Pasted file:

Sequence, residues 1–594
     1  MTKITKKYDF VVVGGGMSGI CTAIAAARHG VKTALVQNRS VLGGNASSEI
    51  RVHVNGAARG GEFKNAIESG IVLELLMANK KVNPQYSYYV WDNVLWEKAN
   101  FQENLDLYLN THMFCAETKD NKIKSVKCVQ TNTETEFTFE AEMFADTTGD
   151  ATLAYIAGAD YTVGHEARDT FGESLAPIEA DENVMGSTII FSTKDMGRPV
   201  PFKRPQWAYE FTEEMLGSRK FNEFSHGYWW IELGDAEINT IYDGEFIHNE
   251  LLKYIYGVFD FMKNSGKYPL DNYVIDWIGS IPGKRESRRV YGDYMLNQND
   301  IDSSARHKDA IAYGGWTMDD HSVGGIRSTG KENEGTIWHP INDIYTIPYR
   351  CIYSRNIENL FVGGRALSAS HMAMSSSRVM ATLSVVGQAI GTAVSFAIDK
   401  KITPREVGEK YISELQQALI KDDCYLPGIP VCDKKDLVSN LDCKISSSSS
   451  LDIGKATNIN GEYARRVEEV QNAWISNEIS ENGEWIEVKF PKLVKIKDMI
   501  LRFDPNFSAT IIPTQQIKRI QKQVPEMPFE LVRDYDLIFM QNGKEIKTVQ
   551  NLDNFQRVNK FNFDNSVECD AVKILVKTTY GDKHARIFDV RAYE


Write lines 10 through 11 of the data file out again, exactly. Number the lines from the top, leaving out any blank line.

   401  KITPREVGEK YISELQQALI KDDCYLPGIP VCDKKDLVSN LDCKISSSSS
   451  LDIGKATNIN GEYARRVEEV QNAWISNEIS ENGEWIEVKF PKLVKIKDMI